So Gerry reveals to these trained fucking doctors his remarkable insight about zombies’ ability to sense terminal chronic illness–or not sense it?  Or ignore it?  Who fucking knows?–which gives them the idea that it could potentially be used to camouflage people so that zombies can see and hear them, but not attack them.  Great idea, right?  Only one problem–all the diseases that evil are kept in a refrigerated room behind an automatic door and a door with a four-digit key code in the wing of the building infested with zombies, because one unlucky schmuck was looking at zombie blood under a microscope (because, you know, the World Health Organization wouldn’t have a type of special equipment enabling you to examine the most threatening contagion ever seen to humans without having to get near it) and apparently either got it on him or in him–and, since his character isn’t played by Brad Pitt, he immediately goes all tackle-and-presumably-bitey.

I’m not even going to fuck with describing the last half-hour of the film in any detail, because it’s a completely nonsensical, contrived set piece involving a needlessly-labyrinthine chase involving Gerry, a WHO doctor, the one-handed soldier (who is totally not a liability because, you know, she’s an Israeli woman, and thus fucking badass–okay, that part was actually pretty cool too, I’ll admit that) and eighty zombies that now only run and try to tackle-and-presumably-bite you if you make a sound and are completely healthy.  Gerry ends up having to take desperate measures, sticks himself with a dirty needle, and finds he can walk through a wave of zombies, and the only one that notices him actually takes the time to sniff him before deciding it doesn’t want to tackle him, completely ignoring the fact that it just spent all of its preceding screen time chasing him without bothering to check his cologne.

Which brings me back to the main gripe I have with the film: even after all of this, we still don’t ever really learn anything about the fucking zombies, even though the whole film has supposedly been about doing just that.  The zombies themselves operate under a revolving set of conditions: they locate you by sound unless the plot requires them to locate you by sight, which they in turn do unless the plot requires them to locate you by smell.  They apparently came from South Korea, or China, or North Korea, or somewhere, or not, really–because some dude in Israel sent an email somewhere.  The film doesn’t provide any fucking insight into this–all Gerry does is give people the ability to move through zombies without them attacking, thus freeing people to fight them hand-to-hand in the streets–because zombies will pursue you with absolutely no regard for their own physical safety when they can hear you far away to the degree at which they will fight and claw past each other in order to get to you, but, if you have a chronic disease of some kind, won’t notice you advancing on them with a shovel until you actually cave in one of their fucking skulls–but even that’s speculative, because we don’t actually know what Gerry stuck himself with (he sticks himself with a random disease and then carries a whole shitload of samples in a fucking tin for no reason).  For that matter, what do the zombies eat?  What do they do to sustain themselves?  They don’t appear to subsist on anything–in fact, they go dormant if nothing’s around, making enough noise.  Since they’re not seeking food when they attack, why not just make enough noise to run them around in enough directions that their bodies eventually run out of fuel and starve themselves to death?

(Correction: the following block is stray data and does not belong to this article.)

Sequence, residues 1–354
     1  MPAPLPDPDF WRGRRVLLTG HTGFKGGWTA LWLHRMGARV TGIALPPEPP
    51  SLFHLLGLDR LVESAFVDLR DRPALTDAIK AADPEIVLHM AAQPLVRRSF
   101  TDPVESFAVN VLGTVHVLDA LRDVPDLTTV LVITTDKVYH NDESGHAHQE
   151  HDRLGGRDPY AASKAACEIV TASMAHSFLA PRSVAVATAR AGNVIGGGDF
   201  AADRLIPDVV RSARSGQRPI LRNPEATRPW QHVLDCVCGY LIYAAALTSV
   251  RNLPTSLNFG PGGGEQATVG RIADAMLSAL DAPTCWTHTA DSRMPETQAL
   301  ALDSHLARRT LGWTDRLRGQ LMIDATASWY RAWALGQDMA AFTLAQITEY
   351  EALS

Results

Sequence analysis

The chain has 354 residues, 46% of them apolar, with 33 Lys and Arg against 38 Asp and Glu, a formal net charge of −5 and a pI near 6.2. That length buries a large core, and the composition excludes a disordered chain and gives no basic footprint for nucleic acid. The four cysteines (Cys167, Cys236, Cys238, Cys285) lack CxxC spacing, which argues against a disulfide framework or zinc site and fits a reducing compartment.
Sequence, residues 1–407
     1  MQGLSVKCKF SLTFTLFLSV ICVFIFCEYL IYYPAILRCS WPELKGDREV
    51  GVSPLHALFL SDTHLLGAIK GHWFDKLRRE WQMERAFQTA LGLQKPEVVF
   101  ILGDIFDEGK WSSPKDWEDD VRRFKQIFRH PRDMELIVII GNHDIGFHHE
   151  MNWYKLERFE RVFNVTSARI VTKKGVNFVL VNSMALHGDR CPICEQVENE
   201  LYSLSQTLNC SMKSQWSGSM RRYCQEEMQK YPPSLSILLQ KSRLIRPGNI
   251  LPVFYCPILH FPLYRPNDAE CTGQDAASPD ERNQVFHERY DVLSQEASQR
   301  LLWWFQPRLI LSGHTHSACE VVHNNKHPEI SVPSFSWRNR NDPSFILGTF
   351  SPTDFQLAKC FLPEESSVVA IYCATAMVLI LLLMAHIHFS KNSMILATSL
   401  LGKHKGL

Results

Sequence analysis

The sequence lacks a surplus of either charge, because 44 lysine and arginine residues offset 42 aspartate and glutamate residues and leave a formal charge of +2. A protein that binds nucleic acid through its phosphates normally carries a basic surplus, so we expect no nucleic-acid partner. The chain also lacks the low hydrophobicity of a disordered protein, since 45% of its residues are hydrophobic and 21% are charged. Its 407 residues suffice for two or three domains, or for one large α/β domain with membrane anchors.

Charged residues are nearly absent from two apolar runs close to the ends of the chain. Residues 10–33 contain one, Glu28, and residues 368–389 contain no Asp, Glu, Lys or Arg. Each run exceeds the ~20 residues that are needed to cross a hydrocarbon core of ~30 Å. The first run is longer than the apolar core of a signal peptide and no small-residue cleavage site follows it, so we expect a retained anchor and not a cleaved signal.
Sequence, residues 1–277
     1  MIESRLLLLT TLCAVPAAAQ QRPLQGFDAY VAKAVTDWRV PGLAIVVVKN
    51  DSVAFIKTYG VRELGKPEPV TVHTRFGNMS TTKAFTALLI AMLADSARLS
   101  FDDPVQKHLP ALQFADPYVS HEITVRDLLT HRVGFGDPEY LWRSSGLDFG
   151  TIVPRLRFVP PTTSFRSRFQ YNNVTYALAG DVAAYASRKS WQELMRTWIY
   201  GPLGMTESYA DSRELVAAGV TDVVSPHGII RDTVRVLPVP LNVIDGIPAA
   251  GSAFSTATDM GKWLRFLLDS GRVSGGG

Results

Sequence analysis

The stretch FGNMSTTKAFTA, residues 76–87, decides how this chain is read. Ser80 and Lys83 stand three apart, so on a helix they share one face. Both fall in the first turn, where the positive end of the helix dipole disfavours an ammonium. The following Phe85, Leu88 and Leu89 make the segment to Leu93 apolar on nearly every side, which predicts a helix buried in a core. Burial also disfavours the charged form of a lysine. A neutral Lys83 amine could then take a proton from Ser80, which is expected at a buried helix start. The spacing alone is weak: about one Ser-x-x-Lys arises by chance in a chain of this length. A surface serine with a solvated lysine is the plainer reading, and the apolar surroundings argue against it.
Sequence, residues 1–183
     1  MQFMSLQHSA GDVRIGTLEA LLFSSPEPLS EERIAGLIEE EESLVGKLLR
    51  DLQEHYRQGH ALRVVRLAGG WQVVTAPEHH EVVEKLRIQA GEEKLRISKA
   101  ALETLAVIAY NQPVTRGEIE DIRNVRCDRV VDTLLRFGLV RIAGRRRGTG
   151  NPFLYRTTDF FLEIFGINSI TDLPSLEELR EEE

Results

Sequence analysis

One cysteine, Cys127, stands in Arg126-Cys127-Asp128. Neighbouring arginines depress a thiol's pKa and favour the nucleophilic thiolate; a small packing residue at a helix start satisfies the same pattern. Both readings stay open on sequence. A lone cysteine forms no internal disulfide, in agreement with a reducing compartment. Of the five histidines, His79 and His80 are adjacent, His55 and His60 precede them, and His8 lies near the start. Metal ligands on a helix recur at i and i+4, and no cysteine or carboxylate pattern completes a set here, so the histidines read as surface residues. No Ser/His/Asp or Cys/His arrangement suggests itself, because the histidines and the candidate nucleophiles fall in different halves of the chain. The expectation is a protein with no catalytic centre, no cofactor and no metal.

In discussing this film with a friend, we both agreed that this type of story has to either a) have an indisputable set of hard-and-fast rules, or b) establish rules, and then break them in ridiculously awesome ways.  It’s the distinction between the Romero Dead films and the Return of the Living Dead films, basically.  The rules don’t need to be extraordinarily specific, mind you–they just need to be clear, otherwise it’s just characters with no clear conflict (and, by extension, no clear motivation), moving from set piece to set piece, waiting for action sequences to begin.  And, I’m sorry, but even the action sequences in this film are underwhelming, because we don’t know any goddamn thing about any of these goddamn characters and, thus, don’t give a goddamn if they live or die.  The only character with any substance or depth is fucking Tomas, and he all-but-vanishes from the film after the first act.

I think the biggest tragedy of this film is not even the film itself, although it does suck in a truly disappointing way, but rather the reaction to it.  Like Man of Steel (which, admittedly, I haven’t seen), it’s made a pretty decent chunk of change at the box office, and has actually managed to garner praise from some critics and some viewers (with clearly low standards), thus resulting in talk of a sequel.  Given Hollywood’s recent track record of simply creating sequels as an attempt to do what they feel the first film should have done, it essentially feels like the film made enough money that they’re just going to trot some other piece of shit out.  Really, the only thing World War Z proves is the reliability of peoples ability to not think about what they’re watching.


Which could be the entire point of the film, really–that, if you spend enough money on something and have the right (mostly white) people in front of and behind the camera, people will flock to the screens like…well, like the shambling, mindless undead.

I take it all back.  This film is fucking brilliant.